The Orioles, having lost outfielders Nelson Cruz and Nick Markakis to free agency and the Mariners and Braves, respectively, traded 2013 third-round pick Stephen Tarpley, a lefthander, and 2013 11th-round pick Steven Brault to Pittsburgh for outfielder Travis Snider.
The Pirates were able to trade from a place of depth, as Snider was slated to be the fourth outfielder and a backup in right field primarily for Gregory Polanco.
"Tarpley is an athletic young lefthanded pitcher with good stuff, chance to start, starter indicators," Huntington told the Pittsburgh Post-Gazette. "Throws strikes, gets ground balls, gets some swing-and-miss."
"Snider is a solid, dependable power-hitting outfielder and is an excellent fit for Camden Yards,” Orioles executive vice president Dan Duquette told The Baltimore Sun. "[He] should be a good addition to the club at bat and in the field.
Travis Snider, of
Snider, who turns 27 on Feb. 2, reached career highs in plate appearances and games in 2014. Snider, the 14th overall pick in 2006 out of high school in Washington state, passed on an Arizona State commitment for $1.7 million. While he was ranked as high as No. 8 overall in BA’s Top 100 Prospects entering the 2009 season, Snider has struggled to remain healthy and effective. Still, he slashed .288/.356/.524 in the second half of 2014 and is entering his prime while remaining cost-effective. He agreed to a $2.1 million contract to avoid arbitration and has one more year of arbitration eligibility remaining.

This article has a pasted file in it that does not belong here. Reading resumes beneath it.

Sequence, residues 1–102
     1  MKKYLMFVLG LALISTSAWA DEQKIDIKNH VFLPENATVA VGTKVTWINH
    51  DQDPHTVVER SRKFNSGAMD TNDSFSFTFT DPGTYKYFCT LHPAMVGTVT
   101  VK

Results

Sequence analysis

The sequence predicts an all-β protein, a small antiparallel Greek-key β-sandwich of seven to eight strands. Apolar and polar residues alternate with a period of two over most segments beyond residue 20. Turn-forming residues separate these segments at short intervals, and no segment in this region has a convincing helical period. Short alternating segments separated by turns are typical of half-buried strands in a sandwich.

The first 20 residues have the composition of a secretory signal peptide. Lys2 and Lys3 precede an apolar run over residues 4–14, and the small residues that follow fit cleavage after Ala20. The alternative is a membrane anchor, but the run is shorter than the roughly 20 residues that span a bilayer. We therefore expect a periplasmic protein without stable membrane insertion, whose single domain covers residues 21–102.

Stephen Tarpley, lhp
An Indians eighth-round pick out of high school in 2011, Tarpley chose to attend Southern California, where he made 13 starts as a freshman. He transferred to Scottsdale (Ariz.) CC, and the Orioles drafted him in round three in 2013 and signed him to a slot $525,000 bonus. The strong-armed Tarpley made big improvement during a 2014 season that began with him struggling during extended spring training starts and ended with him dominating at short-season Aberdeen. Tarpley pitches in the low 90s, touching 94 mph, with a hard curveball, a changeup he commands well and a slider. During the season, Tarpley made big strides in repeating his delivery, which led to more consistent command. If that continues, he may have No. 3 starter potential.
|Steven Brault, lhp
Division II Regis in Denver never has produced a single-digit draft pick, but Brault came close as he was drafted in the 11th round by Baltimore in 2013. More pitchability than stuff, Brault pitches at 89-90 mph, touching 92, and uses an aggressive tempo. He repeats his delivery, which includes some deception because he hides the ball behind his body. His curveball is average but especially effective against lefthanders and the change flashes average with late tail. With solid command and a four-pitch mix, his ceiling is as a back-end starter.